It’s DC Event month over here at Blastoff and, as we celebrate the Rebirth of the DC Universe, I figured I’d take a look back at an event that I missed when it was first published. Infinite Crisis – written by Geoff Johns and drawn by a team of heavy hitting artists including Phil Jimenez, Ivan Reis, Jerry Ordway, and George Pèrez, is the second in DC’s trilogy of reality-shaking Crises that began with 1985’s classic Crisis on Infinite Earths and ended with Grant Morrison’s polarizing Final Crisis. DC dropped the first issue of Infinite Crisis in 2005, at a time when the DC Universe and its characters were in a very, very different place than they are now. Let’s see how it holds up!
It’s clear from the first few pages that there was a lot of build-up to Infinite Crisis that features integral story elements you need to understand what is going on in the pages of this event. Some of it is concisely explained, such as how Wonder Woman has murdered Maxwell Lord, a crime that has somehow been broadcast worldwide. Batman, Superman, and Wonder Woman spend most of this issue fighting Mongul and arguing with each other on the moon, while all hell is breaking loose on Earth. Those scenes are where I found myself a little lost, which led to some quick research. Even though this is the first Infinite Crisis issue, there was an oversized Countdown to Infinite Crisis special as well as a bunch of other lead-in titles, which explains why I feel kind of like we’re dropped in the middle of things.
The Teen Titans seem to be at a crossroads, with Donna Troy on the cusp of a big decision and Nightwing and Starfire sharing an emotional goodbye. Things are even worse for the Freedom Fighters, led by Uncle Sam, are attacked by the Secret Society, who completely obliterate them. Even though I was a bit lost at this point, this scene was visually stunning. The villains let off an impressive display of power as the structure of the issue slows down and focuses in on this fight and the conflict between DC’s Trinity on the moon.
Batman, Superman, and Wonder Woman broach a conflict that anyone with a Twitter account and a passing knowledge of Mark Waid and Dan Slott’s existence is already tired of: Can superheroes kill? Superman and Batman fall firmly on no, while Wonder Woman is kind of in the “Screw it, why not?” place right now. She had to chose between letting Superman (under mind control) kill Batman over killing a murderous villain, and she chose the latter – here, she stands her guns while both Batman and Superman team up on her in this philosophical debate, only to turn on each other when they disagree about Superman’s relevance and what he should be doing, considering the turmoil on Earth.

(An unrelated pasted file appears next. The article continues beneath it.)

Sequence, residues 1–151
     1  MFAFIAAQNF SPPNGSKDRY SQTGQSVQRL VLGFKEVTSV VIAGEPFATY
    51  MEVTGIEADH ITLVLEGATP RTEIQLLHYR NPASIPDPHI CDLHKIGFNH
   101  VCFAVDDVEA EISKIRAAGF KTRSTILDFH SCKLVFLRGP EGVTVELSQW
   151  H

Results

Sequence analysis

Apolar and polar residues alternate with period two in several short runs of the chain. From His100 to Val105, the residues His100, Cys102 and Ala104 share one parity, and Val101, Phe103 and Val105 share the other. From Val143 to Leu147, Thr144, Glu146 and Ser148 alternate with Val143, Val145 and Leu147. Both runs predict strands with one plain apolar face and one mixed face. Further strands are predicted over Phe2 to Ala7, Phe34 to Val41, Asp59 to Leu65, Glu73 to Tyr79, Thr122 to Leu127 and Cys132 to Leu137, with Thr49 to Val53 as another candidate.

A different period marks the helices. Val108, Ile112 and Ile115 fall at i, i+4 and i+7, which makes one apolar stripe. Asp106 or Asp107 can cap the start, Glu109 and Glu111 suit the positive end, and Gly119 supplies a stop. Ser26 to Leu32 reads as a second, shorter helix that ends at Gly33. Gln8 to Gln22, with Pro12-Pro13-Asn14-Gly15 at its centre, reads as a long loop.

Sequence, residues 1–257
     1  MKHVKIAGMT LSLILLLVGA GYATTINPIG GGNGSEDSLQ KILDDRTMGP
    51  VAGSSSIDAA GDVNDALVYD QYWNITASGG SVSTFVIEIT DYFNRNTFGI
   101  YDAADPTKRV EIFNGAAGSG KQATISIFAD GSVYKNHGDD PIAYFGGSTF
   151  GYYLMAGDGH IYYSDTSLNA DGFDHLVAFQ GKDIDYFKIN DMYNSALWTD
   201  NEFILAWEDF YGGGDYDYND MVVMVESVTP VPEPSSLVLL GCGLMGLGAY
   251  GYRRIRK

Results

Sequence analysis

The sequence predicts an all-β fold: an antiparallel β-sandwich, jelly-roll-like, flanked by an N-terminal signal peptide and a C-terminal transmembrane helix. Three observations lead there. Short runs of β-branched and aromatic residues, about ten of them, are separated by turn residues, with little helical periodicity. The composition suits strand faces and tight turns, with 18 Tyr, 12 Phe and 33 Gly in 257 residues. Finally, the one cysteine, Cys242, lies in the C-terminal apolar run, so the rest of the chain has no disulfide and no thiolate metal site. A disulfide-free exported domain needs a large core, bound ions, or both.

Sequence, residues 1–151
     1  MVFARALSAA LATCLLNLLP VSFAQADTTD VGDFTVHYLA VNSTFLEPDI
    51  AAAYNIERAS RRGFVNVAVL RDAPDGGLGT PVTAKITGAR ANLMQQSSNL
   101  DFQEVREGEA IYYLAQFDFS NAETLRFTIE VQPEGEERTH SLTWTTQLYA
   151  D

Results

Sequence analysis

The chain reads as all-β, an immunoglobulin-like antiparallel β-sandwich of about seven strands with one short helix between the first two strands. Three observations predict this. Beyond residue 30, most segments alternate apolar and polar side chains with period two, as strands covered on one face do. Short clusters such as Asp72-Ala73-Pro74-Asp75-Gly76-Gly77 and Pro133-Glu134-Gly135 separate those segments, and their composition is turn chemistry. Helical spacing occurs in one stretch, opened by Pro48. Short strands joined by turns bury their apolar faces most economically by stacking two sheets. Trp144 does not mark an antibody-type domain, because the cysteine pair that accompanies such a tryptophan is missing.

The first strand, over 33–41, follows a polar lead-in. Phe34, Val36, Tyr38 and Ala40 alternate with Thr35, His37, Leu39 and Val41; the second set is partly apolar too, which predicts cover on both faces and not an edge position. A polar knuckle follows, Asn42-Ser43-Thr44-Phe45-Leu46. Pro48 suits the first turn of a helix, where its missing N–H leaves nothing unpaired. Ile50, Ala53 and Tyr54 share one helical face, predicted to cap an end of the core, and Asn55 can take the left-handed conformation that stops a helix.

And then, the end of the issue pulls the rug out from under us as the group of characters that had been banished to the paradise dimension at the end of Crisis on Infinite Earths break free… uh-oh!
Overall, Geoff Johns’ master characterization of the DC superheroes is as stellar as always, and Infinite Crisis seems to be utilizing Batman, Superman, and Wonder Woman’s unique conflict here to make a statement or, rather, pose questions about the nature of heroes and the stories we tell about them. Batman, Superman, and Wonder Woman matter as symbols, but what happens when the person who has elevated that symbol to the status of a legend, or a cultural icon, falters? Does the symbol fade? Should the person step away from the mantle? What really makes a hero? That was what interested me most about Infinite Crisis, even though much of the rest of it left me wondering what I’d missed. The answer is, apparently, a lot. So, and this advice is SO the epitome of event comics… and yet I still love them. Here we go:
If you pick up Infinite Crisis, be sure that you don’t start at #1.
PAT SHAND writes comics (Vampire Emmy, Hellchild, Van Helsing), novels (Iron Man, Charmed), and pop culture journalism (Sad Girls Guide, Blastoff Comics). He can be found in local cafes with a look of intense terror on his face, mumbling incoherently about deadlines and convention season.
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